2 little known principles about productivity and creativity
We are talking about the practice of fallowing a field, i.e leaving it uncultivated for a season or 2, so the soil can regenerate.
It has been practised in Israel for millennia. To start with, it was only associated with the Jewish religion but was borrowed by people of many creeds and cultures because it made so much sense.
The idea is that if you keep cultivating the ground, you end up depleting it from its nutrients. Leaving it to rest for a while allows it to recover.
The same principle is true with us.
We need to follow the same work/rest pattern. When we start sacrificing our rest in order to work longer, we end up depleting ourselves and producing less than we set out to.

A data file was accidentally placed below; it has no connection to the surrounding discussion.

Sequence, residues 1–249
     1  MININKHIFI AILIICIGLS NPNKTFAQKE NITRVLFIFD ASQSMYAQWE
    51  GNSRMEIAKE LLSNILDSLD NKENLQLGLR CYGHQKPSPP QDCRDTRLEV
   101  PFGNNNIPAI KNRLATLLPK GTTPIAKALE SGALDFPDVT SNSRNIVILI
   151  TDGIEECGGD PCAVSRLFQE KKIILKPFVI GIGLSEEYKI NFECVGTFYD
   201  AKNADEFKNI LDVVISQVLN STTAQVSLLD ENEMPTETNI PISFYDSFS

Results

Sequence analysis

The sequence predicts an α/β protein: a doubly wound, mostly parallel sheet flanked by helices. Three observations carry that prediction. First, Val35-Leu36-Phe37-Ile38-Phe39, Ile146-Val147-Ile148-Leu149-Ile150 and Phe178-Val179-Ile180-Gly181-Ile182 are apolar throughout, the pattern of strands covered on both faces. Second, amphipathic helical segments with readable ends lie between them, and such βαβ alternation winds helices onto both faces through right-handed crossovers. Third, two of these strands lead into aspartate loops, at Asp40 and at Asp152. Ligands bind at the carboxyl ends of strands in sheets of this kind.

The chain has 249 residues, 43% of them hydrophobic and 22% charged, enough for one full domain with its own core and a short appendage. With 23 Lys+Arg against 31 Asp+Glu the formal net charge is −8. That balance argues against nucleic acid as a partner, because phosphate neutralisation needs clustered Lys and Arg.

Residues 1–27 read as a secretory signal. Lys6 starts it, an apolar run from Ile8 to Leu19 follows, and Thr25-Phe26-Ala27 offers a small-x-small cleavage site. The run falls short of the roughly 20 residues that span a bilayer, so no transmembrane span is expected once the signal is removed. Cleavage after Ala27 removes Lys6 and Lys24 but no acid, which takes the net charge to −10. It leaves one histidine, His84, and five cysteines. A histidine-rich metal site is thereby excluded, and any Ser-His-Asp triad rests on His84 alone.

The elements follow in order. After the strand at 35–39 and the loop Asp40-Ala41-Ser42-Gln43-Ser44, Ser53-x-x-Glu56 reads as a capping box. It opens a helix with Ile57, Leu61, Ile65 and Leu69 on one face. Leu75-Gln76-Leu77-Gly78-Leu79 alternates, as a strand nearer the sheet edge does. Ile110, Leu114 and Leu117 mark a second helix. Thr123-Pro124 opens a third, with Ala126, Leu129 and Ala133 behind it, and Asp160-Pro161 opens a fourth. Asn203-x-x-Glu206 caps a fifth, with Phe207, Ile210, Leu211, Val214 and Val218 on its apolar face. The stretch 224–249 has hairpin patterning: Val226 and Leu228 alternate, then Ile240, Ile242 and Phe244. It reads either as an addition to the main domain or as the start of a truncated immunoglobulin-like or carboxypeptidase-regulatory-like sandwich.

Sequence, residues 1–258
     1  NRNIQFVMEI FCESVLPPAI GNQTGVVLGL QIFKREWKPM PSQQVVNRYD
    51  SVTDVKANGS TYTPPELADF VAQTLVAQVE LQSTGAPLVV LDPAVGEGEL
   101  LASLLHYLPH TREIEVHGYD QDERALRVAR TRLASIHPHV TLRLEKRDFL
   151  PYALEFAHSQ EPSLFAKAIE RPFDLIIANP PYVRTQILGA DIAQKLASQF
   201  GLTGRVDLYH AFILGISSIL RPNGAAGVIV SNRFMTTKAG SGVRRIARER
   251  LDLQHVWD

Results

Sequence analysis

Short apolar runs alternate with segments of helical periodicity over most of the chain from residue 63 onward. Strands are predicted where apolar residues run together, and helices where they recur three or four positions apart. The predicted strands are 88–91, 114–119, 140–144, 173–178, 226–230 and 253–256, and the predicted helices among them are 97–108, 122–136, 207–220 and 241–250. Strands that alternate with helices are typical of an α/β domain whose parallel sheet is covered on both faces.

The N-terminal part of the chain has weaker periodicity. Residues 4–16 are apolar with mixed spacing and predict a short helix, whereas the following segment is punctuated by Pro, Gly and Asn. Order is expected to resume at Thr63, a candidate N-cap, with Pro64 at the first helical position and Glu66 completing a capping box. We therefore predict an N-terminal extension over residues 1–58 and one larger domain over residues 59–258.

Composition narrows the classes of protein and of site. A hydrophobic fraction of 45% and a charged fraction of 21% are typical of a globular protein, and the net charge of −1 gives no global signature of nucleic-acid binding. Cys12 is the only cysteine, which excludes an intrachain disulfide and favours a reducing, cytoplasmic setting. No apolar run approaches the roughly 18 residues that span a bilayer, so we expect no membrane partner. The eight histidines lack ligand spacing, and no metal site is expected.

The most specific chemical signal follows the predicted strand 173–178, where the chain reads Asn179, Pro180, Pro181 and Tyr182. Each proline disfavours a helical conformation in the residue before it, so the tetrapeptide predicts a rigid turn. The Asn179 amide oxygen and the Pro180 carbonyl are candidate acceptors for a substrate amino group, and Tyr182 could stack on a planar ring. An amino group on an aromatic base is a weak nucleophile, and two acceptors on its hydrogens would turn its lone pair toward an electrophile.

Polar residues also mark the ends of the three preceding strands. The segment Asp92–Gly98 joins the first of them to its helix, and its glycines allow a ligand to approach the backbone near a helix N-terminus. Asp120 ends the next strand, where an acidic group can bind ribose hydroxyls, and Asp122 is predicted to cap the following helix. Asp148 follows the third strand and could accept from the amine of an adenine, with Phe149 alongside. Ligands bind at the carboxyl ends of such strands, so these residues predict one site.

It’s counter intuitive but research has now shown that the most productive people work in small intense sessions followed by resting periods. The best ratio is 52 minutes of work and 17 minutes of rest.
So it pays to take more breaks!
But we are still hanging on to the 9-5 model with a lunch in the middle.
Research has also shown that we seem to be at our optimum cognitive ability when we work 25 hours a week. Past that threshold, our cognitive functions decrease. Once we hit 60 hours a week, we are less able to make smart decisions than someone who does not work at all!
So working part time is the way forward!
But we are still equating long hours to better productivity.
Isn’t it time we worked smarter?
Reflect, Redefine, Rise!